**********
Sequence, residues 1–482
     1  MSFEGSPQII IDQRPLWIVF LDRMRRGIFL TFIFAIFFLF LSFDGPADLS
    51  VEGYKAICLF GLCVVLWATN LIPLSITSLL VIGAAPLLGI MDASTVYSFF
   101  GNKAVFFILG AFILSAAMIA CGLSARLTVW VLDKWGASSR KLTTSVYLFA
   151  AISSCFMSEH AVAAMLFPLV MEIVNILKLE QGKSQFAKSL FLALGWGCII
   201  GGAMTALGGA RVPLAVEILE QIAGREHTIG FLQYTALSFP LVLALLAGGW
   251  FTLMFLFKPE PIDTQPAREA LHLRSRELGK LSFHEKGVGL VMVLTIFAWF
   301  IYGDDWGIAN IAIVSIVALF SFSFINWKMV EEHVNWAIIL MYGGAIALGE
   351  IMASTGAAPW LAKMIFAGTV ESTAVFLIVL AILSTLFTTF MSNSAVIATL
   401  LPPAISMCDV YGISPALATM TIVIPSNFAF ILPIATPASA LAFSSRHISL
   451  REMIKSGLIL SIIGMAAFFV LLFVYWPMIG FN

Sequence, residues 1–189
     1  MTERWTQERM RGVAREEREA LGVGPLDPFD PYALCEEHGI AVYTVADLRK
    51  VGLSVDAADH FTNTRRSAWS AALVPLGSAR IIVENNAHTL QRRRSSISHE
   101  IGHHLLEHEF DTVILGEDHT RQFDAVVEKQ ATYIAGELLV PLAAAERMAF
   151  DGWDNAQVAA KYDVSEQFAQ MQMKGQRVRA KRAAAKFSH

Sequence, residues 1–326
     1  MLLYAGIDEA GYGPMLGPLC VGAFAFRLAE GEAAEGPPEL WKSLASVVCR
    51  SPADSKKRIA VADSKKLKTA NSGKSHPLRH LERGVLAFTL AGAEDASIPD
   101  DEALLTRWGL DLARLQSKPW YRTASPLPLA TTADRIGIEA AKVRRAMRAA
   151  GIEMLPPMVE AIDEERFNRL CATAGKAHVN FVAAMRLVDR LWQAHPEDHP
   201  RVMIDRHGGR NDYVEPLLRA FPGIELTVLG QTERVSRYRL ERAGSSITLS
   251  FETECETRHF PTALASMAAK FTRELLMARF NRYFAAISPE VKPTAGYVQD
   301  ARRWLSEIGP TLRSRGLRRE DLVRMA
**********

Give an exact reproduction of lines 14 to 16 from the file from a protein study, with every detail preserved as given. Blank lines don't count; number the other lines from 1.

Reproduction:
    51  VGLSVDAADH FTNTRRSAWS AALVPLGSAR IIVENNAHTL QRRRSSISHE
   101  IGHHLLEHEF DTVILGEDHT RQFDAVVEKQ ATYIAGELLV PLAAAERMAF
   151  DGWDNAQVAA KYDVSEQFAQ MQMKGQRVRA KRAAAKFSH